After a Sold out Coliseo, Advise for Rookies from the Latest Guitar Hero.
“At 12, I was already playing with B.B. King”
By Claudio Kleiman
Maybe the last link on a chain of guitar heroes that goes back to British stylists like Jimmy Page and Eric Clapton, the blond North-American Joe Bonamassa went through Buenos Aires, leaving in his visit a whole heap of dropped jaws in the sold out Coliseo’s floor. A few hours before the show while sitting comfortably and playing an unplugged Les Paul that he did not put down throughout the interview, he met Rolling Stone in the theater’s dressing room. The guitar, apparently an antique, is the model that Gibson custom made especially for Joe himself. It is even artificially “aged” like the authentic ’59 Les Paul. Joe tells us that it was a present from the people at Gibson for his birthday. Obviously, this is a guy that’s all about the details. During the interview, he called in his assistant because he decided to add “Song of Yesterday” to the repertoire for the night. And when I got in, the first thing he asked me was “Do you have a band?” while he kept correctly pronouncing my name and my band’s name. “How come? You Googled me?” is my incredulous answer. Obviously, the interview starts with Joe winning 1 – 0.
Your new solo album, Driving Towards The Daylight seems more rock oriented than the previous one, Dust Bowl.
Strangely, the concept was to make a Blues album, and it ended up leaning towards the Rock side. But it maintains some elements, like the Howlin’ Wolf’s theme “Who’s Been Talking” and Robert Johnson’s “Stones in My Passway”. Every time we make a record, we try for it to be different from the previous one.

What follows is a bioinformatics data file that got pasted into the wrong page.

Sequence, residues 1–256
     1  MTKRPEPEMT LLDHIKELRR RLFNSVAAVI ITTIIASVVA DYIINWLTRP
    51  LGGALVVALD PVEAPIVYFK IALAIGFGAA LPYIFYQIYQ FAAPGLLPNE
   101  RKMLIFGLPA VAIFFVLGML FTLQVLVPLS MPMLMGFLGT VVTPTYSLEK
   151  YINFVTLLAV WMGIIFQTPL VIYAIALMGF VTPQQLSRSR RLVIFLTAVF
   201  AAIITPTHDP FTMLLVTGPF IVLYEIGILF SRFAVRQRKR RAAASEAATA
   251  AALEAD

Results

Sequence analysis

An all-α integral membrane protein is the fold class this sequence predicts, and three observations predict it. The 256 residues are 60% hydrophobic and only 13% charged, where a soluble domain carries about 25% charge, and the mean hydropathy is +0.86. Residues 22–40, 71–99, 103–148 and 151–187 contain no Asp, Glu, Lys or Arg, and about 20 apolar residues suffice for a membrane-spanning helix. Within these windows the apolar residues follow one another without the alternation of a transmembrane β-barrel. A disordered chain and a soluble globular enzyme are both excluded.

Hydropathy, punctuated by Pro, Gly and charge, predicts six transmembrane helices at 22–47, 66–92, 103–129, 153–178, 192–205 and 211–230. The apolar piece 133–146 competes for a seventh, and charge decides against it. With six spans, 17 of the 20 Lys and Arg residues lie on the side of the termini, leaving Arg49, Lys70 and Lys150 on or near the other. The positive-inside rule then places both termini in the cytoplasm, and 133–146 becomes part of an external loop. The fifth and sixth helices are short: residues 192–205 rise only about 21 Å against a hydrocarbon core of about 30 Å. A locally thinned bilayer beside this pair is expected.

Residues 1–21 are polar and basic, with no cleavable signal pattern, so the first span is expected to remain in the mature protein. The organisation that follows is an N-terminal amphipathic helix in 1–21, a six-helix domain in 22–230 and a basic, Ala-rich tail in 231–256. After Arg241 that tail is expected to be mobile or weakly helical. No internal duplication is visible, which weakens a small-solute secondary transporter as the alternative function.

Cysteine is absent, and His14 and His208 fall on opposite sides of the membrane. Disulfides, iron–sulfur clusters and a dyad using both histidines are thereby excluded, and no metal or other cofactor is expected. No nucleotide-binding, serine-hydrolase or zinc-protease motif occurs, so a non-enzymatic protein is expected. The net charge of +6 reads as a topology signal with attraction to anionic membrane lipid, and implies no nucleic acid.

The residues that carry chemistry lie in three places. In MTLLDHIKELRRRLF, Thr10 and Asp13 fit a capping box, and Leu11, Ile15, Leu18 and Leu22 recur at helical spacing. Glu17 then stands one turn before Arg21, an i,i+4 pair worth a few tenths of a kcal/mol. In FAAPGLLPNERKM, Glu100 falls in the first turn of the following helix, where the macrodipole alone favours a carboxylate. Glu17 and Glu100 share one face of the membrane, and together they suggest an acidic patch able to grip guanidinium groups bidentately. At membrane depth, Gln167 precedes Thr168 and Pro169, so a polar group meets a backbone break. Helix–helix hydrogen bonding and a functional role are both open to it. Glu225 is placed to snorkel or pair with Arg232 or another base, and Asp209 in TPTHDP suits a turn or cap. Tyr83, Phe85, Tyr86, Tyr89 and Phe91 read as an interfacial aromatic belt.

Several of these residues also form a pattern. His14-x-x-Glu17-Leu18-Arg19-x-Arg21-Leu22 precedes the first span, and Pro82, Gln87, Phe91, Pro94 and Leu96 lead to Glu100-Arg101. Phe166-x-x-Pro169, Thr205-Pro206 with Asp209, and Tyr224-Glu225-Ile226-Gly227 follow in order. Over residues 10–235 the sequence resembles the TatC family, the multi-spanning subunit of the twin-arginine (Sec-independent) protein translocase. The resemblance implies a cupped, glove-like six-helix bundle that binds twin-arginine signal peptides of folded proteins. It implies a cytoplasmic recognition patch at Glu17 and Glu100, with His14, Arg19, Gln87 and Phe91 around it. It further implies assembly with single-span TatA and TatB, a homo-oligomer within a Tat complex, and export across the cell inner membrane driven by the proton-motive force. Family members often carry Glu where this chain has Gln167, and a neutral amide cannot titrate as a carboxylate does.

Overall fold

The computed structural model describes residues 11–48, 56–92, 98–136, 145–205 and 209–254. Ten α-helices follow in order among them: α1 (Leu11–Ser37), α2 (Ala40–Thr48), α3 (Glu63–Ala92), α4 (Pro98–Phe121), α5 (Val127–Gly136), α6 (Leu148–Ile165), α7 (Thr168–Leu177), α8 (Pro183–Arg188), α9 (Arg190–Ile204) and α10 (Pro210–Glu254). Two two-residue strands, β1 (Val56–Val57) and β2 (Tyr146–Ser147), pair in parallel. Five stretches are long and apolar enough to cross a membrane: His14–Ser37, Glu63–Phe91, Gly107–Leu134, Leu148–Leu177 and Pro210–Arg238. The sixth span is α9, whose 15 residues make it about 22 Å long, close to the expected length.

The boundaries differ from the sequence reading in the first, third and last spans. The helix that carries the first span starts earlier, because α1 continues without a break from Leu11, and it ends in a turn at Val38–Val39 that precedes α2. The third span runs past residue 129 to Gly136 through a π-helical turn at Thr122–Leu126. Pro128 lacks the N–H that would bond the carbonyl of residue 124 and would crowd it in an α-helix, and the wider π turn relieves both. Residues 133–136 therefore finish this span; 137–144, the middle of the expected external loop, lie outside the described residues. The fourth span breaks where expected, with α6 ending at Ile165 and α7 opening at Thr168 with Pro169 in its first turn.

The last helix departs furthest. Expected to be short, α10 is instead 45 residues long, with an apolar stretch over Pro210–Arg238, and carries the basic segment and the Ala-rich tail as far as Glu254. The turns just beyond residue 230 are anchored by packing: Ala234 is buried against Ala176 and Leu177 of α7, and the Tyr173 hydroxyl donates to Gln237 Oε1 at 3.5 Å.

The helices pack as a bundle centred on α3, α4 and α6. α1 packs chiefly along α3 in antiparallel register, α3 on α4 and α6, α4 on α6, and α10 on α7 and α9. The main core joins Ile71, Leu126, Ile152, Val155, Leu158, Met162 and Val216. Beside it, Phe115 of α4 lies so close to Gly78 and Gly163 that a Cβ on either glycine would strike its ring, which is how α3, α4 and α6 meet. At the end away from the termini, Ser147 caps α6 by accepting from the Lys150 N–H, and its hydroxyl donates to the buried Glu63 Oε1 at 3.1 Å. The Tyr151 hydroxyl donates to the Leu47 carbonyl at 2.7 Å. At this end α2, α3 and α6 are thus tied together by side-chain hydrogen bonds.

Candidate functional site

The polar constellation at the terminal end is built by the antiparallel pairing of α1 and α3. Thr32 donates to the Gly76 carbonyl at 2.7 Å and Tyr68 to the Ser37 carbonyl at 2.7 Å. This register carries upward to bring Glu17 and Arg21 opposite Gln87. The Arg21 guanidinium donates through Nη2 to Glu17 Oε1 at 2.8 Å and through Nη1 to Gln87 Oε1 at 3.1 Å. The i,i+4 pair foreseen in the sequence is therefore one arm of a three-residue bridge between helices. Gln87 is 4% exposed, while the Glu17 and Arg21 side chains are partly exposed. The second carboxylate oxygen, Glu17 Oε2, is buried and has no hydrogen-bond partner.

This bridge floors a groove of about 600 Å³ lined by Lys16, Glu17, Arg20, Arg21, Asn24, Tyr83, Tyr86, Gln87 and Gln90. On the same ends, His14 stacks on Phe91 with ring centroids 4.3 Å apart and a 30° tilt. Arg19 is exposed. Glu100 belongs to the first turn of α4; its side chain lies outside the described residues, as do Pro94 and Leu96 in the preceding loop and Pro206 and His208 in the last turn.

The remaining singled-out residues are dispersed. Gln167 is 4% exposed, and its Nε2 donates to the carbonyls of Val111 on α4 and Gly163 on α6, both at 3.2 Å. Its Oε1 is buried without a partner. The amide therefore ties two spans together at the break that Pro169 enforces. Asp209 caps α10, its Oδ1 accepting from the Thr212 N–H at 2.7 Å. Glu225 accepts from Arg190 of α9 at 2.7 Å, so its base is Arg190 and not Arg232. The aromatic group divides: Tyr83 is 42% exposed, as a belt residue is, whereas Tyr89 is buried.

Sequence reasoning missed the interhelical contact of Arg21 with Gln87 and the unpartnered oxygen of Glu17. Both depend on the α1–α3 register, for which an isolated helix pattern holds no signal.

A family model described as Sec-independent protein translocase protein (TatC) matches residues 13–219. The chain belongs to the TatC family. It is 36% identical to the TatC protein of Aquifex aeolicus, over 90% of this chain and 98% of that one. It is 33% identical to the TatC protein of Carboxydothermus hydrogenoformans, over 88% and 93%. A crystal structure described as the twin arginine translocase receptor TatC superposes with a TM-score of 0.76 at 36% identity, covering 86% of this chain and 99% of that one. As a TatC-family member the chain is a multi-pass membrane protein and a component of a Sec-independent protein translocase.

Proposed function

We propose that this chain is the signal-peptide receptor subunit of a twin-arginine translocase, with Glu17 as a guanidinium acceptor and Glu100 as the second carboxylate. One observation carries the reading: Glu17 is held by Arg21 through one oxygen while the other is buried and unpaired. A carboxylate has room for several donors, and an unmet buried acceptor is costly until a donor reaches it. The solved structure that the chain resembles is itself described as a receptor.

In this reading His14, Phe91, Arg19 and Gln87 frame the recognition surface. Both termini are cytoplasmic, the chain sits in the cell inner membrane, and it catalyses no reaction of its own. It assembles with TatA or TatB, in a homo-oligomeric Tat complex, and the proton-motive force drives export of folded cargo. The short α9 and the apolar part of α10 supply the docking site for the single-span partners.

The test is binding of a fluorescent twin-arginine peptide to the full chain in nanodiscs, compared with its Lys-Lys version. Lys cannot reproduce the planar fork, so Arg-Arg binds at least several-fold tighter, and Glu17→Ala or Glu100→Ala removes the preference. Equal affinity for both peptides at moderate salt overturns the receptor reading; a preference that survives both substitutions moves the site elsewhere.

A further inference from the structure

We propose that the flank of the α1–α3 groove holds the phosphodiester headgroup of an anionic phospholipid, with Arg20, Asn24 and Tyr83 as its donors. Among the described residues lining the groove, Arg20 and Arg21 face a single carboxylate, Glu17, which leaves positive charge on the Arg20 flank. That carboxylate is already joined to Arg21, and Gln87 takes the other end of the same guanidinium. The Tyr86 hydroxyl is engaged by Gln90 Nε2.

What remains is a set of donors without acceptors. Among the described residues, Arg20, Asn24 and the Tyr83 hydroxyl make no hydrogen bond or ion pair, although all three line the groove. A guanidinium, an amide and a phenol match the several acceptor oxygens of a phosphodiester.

Maybe some influence from your other band, Black Country Communion, got leaked in?
I’m not trying to establish any kind of competition between Black Country and my own records. Glenn Hughes does the vocals for BCC and I think both things are very different. I’m simply the guitar player for that band and I like it that way. Glenn heard me singing and wanted me to sing as well, but I told him, “you are the singer”. We’re about to get together with BCC to make another album in a couple of weeks. We’ll see what happens.
With BCC, you had instant success. Do you think people were craving that kind of music?
We felt there was the need to make new Classic Rock. I mean, new songs but played in a very classic way.
Your level of productivity is amazing: just last year you released three new albums, one solo, one with Beth Hart and one with BCC. How do you manage to do all of that?
Well, I work hard, but also every project is different. And this year I will also edit three albums: the new Driving Towards The Daylight CD that just came out; the Live from Beacon Theatre DVD; and now the Black Country one. We’re also planning another album with Beth Hart for January next year. I’m in a position where I can record a lot in different situations, and I love it.
At the same time, you keep a very full tour agenda.
Yes, we’ve been on tour for 17 weeks now. In general, we play between 135 and 200 shows a year, but we’re going to stop for a while. I have my own label, so I work when I want to; I have a catalogue of 14 albums. That’s how it happened.
What kind of sound are you looking for with your guitar?
I like a very straight tone, not too distorted nor too clear; clean and dark. That’s my approach and the Les Paul has that.
You started playing from a very young age. How was that?
My father is a guitar player; he put a guitar in my hands when I was 4 years old. Since then, I haven’t stopped playing. I was very lucky. When I was 12 years old I was already playing with Danny Gatton, B.B. King. And a little bit later with Albert Collins, Buddy Guy, and Robert Cray. At 14, I joined Bloodline for 6 years, and we put out an album for EMI in 1994.
And at 20 you released your first solo album, A New Day Yesterday, from a Jethro Tull song…
[He starts playing the song’s riff] Yes, I was a big fan of British Progressive Rock; bands like Yes, Jethro Tull… Although Jethro wasn’t really progressive, it was a Blues band.
Did you have to work hard in the beginning in order to be able to play that way?
I have to work very hard right now! It’s something that never ends.
Can you give any advice to young guitar players?
It is hard, every situation is different, but I would say you have to do your own thing. Don’t go after what I’m doing, or what anyone else is doing. Build your own scene. If you do your own thing, people are going to start talking about it. And don’t be afraid of working.